The Oxford vaccine trial in the battle against COVID-19 may only have a 50% chance of succeeding according to the professor leading the project. Professor Adrian Hill from the Jenner Institute said the trial, involving 10,000 people, could produce a “no result” if the virus continues retreating in the UK population. Fewer of the volunteers in the trial could actually come into contact with the virus.
A much-anticipated coronavirus vaccine trial only has a 50 per cent chance of success, the professor leading the project has warned.
High hopes have been pinned on the vaccine from Oxford University, with a deal for 30million doses by September already in place.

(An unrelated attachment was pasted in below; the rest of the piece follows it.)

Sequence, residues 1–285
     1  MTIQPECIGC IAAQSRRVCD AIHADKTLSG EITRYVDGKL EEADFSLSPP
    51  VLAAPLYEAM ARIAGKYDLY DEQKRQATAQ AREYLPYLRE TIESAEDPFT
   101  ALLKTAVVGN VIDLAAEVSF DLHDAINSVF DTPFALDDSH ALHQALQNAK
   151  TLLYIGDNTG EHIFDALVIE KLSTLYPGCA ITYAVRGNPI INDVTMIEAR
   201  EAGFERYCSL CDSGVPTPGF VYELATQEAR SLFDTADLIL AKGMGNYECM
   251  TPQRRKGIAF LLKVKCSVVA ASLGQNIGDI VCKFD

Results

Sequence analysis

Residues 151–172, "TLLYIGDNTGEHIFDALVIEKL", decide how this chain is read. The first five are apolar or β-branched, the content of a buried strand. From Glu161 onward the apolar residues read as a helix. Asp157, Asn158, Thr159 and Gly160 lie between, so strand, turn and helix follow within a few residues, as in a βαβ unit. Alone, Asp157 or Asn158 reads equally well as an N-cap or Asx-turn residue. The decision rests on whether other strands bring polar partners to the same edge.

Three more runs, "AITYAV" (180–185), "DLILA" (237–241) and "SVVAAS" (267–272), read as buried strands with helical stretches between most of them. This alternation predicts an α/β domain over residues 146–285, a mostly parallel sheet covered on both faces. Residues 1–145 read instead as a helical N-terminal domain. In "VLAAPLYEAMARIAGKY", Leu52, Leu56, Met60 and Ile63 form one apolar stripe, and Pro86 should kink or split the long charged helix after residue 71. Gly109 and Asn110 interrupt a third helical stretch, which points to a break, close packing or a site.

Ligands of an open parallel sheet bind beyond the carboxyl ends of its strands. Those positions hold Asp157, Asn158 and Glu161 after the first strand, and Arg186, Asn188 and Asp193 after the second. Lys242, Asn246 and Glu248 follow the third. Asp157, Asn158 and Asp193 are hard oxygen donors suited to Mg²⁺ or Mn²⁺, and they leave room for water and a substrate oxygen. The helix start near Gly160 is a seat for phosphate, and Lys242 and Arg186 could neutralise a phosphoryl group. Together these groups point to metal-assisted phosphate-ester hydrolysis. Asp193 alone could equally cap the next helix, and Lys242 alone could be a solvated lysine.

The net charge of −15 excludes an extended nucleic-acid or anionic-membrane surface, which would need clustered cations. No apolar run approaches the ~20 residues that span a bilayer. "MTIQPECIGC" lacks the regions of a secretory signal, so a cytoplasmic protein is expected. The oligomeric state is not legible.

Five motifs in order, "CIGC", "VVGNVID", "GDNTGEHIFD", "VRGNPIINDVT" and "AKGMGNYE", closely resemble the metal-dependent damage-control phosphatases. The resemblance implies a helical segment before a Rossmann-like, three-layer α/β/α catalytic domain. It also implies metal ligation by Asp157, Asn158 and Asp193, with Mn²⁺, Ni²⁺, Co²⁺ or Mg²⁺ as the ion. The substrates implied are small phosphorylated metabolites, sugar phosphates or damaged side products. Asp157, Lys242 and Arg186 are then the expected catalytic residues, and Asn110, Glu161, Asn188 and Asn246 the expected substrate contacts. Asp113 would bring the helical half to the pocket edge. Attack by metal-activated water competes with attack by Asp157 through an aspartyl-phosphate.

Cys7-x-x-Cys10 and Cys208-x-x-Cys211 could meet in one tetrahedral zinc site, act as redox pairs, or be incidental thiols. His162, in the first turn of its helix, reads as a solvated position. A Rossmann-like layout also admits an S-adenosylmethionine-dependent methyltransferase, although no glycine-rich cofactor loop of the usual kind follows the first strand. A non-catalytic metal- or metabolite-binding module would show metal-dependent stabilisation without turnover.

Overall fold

But Professor Adrian Hill said the upcoming trial of 10,000 Britons may flop and produce ‘no result’ because the virus is vanishing in the UK.
Normally in large-scale trials, participants will be given the vaccine and mingle among society to see if the jab is effective at preventing them picking up the virus – in this case COVID-19
But the virus is circulating at low levels. Around 0.25 per cent of the population is currently infected and this will drop further if lockdown continues to work.
Volunteers will find it difficult to catch COVID-19, meaning scientists can’t prove whether the vaccine actually makes any difference.
The fear has also been expressed by Imperial College London researchers, Britain’s second vaccine contender which is not yet in clinical trials.
The dilemma has led scientists to consider purposely infecting volunteers with the virus to see if the vaccine protects them.
It would speed up vaccine development and save lives – but would be difficult to push through on ethical grounds.